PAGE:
Fire extinguishers

Fire Extinguisher Buying Guide
Fire Extinguisher Buying Guide

Consumer Reports no longer updates this product category and maintains it for archival purposes only.

1

Getting Started

Home fires are often unpredictable, and they can be deadly. That's why you need one full-floor, multipurpose fire extinguisher on each level of your home and one in your garage, plus smaller, supplemental units for the kitchen and car.

2

Fire Safety in the Home

Heavier extinguishers have more flame retardant and delivered it quicker and longer in our tests. Though models that weighed more than 9 pounds can be harder to hold and use, you should still buy the largest one you can comfortably handle.

While it might be convenient to keep a fire extinguisher under a kitchen sink, for example, manufacturers recommend you mount extinguishers in their bracket—in a convenient location and in plain sight—3.5 to 5 feet above the ground so they're out of the reach of small children.

You also need to know how to properly use your extinguishers. When a fire breaks out is not the time to read the instructions on the extinguisher. When you bring the extinguishers home, read the owner's manual to familiarize yourself with their operation and register them with the manufacturer so you're aware of any product updates or recalls.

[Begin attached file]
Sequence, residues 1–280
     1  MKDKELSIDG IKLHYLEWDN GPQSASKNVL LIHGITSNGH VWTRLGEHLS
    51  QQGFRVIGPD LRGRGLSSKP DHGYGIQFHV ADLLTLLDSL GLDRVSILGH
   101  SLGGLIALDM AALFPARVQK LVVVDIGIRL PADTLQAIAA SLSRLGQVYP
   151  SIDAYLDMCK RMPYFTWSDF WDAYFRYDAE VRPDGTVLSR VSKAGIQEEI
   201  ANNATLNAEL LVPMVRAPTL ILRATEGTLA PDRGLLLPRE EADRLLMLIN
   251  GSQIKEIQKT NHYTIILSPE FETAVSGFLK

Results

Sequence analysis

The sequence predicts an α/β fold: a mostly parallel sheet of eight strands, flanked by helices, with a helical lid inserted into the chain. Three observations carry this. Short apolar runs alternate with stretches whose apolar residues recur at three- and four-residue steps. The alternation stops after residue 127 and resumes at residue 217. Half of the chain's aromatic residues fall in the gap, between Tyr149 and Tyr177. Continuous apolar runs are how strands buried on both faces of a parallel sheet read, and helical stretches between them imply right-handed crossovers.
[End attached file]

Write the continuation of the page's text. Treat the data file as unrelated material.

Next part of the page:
Buy only extinguishers that have been listed or certified by a nationally recognized testing laboratory, such as UL, ETL, CSA, and FM Approvals. You'll notice letters on the extinguishers, which indicate the type(s) of fires they can handle. Class A are designed to put out rubbish, wood, and paper fires; Class B are for oil and grease fires; and Class C are for electrical fires. Class ABC models work on all the fires above.

No matter which fire extinguisher you buy, make sure its pressure indicator shows "full" and that it was manufactured within the last year. The National Fire Protection Association recommends that dry chemical extinguishers that are intended to be discarded after use should be disposed of 12 years after the date of manufacture. It would be useful if more manufacturers placed an expiration date on their extinguishers.

Illustration of the label on a fire extinguisher.
Illustration: Chris Philpot
3

PASS: Pull, Aim, Squeeze, and Sweep

To increase your chances of successfully and safely extinguishing a fire, use the PASS—pull, aim, squeeze, sweep—technique:

• Pull the pin, hold the extinguisher away from you, and release the locking mechanism.
• Aim low, pointing the extinguisher at the base of the fire.
• Squeeze the lever slowly and evenly.
• Sweep the nozzle from side to side.

Like smoke alarms and carbon-monoxide alarms, which you should replace every 10 years and every five years, respectively, fire extinguishers have a limited service life. Replace home-use nonrechargeable fire extinguishers 12 years after the manufacture date, according to the National Fire Prevention Association. If you're unsure whether your extinguishers are rechargeable, check the owner's manual or the pressure gauge. On most extinguishers, a needle on the pressure gauge will sit in a green-colored part of the dial of if the unit is properly charged and to red-colored areas if it needs to be recharged or is overcharged.

To determine whether extinguishers are properly charged, inspect them every 30 days and as detailed in the owner's manual. If you need to charge rechargeable models, bring it only to a certified fire-equipment-maintenance company.

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